The City v. Hart (1985)

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[No. G002151. Court of Appeals of California, Fourth Appellate District, Division Three. November 26, 1985.]

THE CITY, Plaintiff and Respondent, v. HARRY HART, et al., Defendants and Appellants.

(Opinion by Wallin, J., with Sonenshine, Acting P. J., and Crosby, J., concurring.)

COUNSEL

Swanson & Casello, Frederick E. Turner and Ronald S. Cooper for Defendants and Appellants.

Thomas Dobyns for Plaintiff and Respondent.

OPINION

WALLIN, J.

Defendant Harry Hart dba Jeweltree appeals a summary judgment in favor of plaintiff The City in an action for unlawful detainer. [175 Cal. App. 3d 94] Hart contends the presumption of Civil Code section 1945 fn. 1 applies to defeat a motion for summary judgment where the landlord accepts rent from a tenant prior to the expiration of the lease for a period extending beyond the expiration of the lease. We hold the facts before us do not raise the presumption of section 1945 and affirm the judgment.

Hart operated a jewelry kiosk in The City Shopping Center under a lease which expired on September 14, 1984. The lease required mixed minimum monthly rent payments of $1,400 plus estimated monthly payments towards utilities and common area maintenance and repairs. The lease further provided for monthly payments of percentage rent based on Hart's gross income. Both the payment for utilities and common areas and the payment for percentage rent were adjusted annually to conform to actual figures for the preceeding lease year.

In June of 1983, Hart and The City resolved a dispute between them over terms of the lease unrelated to the case before us. The resolution included a rejection of Hart's request for an extension of the lease term and a reconfirmation of the termination date of September 14, 1984. fn. 2

On September 1, 1984, Hart tendered to The City his usual monthly payment, which was accepted and negotiated. On September 14, a representative of The City notified Hart his lease was terminated. Hart refused to leave, and The City filed an action in unlawful detainer and successfully moved for summary judgment.

[1a] Hart contends The City's acceptance of his normal monthly payment on September 1 was its acceptance of rent for a period extending beyond the termination of the lease, i.e., to September 30. Hart then contends that under Civil Code 1945 the parties are presumed to have created a month to month tenancy on the same terms as the lease and that The City must give him 30 days notice to terminate it. We disagree.

[2] Civil Code section 1945, which was enacted in 1872, states the widely held rule that a landlord who consents to his tenant's holding over after the expiration of the lease without making a new agreement is bound [175 Cal. App. 3d 95] by the terms of the original lease. (Shenson v. Shenson (1954) 124 Cal. App. 2d 747, 753 [269 P.2d 170].) The statute provides the landlord's consent to the holding over is implied if he accepts rent from the tenant after the expiration of the lease. This consent to the holding over must be established before the statutory presumption of the same terms becomes effective. (See Stephens v. Perry (1982) 134 Cal. App. 3d 748, 757 [184 Cal. Rptr. 701]; Superior Strut & Hanger Co. v. Port of Oakland (1977) 72 Cal. App. 3d 987, 997 [140 Cal. Rptr. 515]; Miller v. Stults (1956) 143 Cal. App. 2d 592, 598 [300 P.2d 312]; Knox v. Wolfe (1946) 73 Cal. App. 2d 494, 502 [167 P.2d 3].)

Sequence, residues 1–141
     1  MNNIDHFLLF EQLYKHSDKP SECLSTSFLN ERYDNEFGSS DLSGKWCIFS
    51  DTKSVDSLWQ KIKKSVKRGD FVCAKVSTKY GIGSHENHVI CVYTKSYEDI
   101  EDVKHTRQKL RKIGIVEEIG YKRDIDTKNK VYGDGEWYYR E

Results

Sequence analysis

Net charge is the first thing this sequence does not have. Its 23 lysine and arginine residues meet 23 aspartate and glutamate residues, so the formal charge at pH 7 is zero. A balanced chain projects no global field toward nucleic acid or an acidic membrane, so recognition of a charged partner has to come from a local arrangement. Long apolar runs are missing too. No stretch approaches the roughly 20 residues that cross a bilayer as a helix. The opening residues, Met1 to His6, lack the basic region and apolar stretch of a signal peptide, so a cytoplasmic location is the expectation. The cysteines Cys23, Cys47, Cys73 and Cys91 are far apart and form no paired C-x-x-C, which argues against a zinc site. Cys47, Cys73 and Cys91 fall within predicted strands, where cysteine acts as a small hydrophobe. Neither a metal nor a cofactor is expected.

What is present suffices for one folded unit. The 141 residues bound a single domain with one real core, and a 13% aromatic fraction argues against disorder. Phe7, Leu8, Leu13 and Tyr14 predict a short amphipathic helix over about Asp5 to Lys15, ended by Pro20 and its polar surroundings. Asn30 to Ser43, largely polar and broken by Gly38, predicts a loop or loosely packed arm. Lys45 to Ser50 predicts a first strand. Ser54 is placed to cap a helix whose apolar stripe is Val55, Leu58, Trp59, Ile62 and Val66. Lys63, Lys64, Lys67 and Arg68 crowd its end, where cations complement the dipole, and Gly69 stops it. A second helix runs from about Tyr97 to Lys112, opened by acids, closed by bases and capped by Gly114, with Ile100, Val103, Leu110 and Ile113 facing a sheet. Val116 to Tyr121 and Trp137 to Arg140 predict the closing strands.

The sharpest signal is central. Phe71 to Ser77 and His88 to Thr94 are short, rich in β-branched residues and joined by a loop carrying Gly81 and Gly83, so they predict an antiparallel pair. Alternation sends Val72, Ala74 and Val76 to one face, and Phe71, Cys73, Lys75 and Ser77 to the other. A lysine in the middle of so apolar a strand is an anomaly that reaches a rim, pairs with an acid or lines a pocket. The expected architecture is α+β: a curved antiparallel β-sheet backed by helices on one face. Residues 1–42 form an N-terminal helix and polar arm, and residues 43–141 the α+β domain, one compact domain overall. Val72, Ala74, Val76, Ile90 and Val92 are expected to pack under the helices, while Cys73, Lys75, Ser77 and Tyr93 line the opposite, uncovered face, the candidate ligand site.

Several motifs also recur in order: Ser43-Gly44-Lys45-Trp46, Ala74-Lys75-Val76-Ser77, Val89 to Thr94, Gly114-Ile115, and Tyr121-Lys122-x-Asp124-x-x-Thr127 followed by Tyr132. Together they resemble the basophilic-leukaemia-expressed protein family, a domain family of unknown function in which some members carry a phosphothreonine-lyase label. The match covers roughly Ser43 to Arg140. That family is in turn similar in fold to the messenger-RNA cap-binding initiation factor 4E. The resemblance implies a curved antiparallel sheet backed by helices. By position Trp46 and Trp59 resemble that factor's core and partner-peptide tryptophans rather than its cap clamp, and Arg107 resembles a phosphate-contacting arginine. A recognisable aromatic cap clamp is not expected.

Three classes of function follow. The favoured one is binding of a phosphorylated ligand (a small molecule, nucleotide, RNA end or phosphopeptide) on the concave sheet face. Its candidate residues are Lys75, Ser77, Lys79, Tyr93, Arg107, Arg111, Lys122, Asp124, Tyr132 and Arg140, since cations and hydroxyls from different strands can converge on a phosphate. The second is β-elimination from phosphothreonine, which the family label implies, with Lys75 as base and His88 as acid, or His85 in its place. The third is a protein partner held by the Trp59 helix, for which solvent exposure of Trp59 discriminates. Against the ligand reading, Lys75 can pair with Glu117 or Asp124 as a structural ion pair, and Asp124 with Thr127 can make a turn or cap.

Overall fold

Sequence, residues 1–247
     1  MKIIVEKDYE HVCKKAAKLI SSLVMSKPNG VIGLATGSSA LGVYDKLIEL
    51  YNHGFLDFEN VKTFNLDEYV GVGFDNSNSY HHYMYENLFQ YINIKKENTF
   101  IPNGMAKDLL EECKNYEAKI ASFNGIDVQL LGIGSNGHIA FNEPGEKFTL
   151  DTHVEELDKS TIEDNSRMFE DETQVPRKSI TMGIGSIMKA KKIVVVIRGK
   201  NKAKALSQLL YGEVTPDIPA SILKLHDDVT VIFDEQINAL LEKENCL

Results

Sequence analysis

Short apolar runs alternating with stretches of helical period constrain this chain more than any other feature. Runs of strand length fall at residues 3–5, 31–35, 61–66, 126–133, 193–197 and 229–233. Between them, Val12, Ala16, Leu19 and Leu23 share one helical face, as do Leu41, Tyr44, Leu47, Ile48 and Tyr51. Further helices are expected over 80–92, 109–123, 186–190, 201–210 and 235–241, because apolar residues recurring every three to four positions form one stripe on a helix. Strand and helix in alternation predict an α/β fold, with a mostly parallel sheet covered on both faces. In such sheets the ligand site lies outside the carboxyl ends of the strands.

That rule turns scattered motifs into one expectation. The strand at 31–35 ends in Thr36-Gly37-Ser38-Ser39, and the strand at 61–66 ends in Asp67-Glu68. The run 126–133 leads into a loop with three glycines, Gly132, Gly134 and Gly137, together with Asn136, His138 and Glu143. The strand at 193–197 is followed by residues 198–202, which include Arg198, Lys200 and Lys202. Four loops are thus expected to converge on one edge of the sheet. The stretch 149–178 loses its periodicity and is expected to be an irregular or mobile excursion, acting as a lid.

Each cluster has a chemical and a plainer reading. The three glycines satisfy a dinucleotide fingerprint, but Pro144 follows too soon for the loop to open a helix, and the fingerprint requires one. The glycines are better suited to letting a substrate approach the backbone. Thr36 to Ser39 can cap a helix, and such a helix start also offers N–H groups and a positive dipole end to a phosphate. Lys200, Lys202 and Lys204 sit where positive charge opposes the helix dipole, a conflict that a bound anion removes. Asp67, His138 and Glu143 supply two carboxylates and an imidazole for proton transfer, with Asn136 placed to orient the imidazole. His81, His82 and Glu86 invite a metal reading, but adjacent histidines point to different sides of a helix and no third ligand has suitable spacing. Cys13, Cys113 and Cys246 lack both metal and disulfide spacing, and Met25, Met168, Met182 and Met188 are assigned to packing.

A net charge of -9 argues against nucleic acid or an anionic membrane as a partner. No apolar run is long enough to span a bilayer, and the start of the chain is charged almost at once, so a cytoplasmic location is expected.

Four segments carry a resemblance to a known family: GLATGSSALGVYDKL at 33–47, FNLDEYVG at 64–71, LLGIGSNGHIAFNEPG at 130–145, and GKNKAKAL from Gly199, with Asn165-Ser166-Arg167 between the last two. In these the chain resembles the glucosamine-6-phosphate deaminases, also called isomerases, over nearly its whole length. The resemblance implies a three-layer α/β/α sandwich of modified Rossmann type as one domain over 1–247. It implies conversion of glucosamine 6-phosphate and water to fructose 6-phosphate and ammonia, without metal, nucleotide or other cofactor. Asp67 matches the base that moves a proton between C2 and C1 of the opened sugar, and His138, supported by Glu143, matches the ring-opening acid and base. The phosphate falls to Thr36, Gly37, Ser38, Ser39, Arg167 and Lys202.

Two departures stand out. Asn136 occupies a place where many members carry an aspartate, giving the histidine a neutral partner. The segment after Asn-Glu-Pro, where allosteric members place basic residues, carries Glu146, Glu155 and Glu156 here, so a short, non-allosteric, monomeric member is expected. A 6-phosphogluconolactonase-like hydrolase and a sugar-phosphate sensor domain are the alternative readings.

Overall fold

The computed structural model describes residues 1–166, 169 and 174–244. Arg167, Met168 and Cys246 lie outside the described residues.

[1b] The circumstances of the case before us do not fall within the language of section 1945. The City accepted rent from Hart before the expiration of the lease term. Contrary to Hart's argument, this cannot be construed as implied consent to a holding over that had not yet occurred. Neither does The City's retention of the full monthly payment after the expiration of the term signify its consent to Hart's continued possession, as retrospective annual adjustments remained to be made and the exact amounts were unknown. Furthermore, The City had previously stated its intention not to extend Hart's lease and acted promptly upon termination to remove Hart from possession. Under these facts, the presumption of section 1945 that the parties "renewed the hiring on the same terms and for the same time ..." is not raised to defeat The City's motion for summary judgment.

[3] We decline to grant The City's request for sanctions based on a frivolous appeal. Although we disagree with Hart, he made a legal argument that was not "'totally and completely devoid of merit ....'" (In re Marriage of Flaherty (1982) 31 Cal. 3d 637, 651 [183 Cal. Rptr. 508, 646 P.2d 179].)

The judgment is affirmed. The City is awarded its costs on appeal.

Sonenshine, Acting P. J., and Crosby, J., concurred.

FN 1. Civil Code section 1945 reads as follows: "If a lessee of real property remains in possession thereof after the expiration of the hiring, and the lessor accepts rent from him, the parties are presumed to have renewed the hiring on the same terms and for the same time, not exceeding one month when the rent is payable monthly, nor in any case one year."

FN 2. The amendment of lease and settlement agreement, dated June 2, 1983 and signed by the parties, provides: "Both Landlord and Assignee reconfirm that the expiration date of the Lease is September 14, 1984, and that Assignee will vacate the demised premises by that date, leaving the same in good order, condition and repair."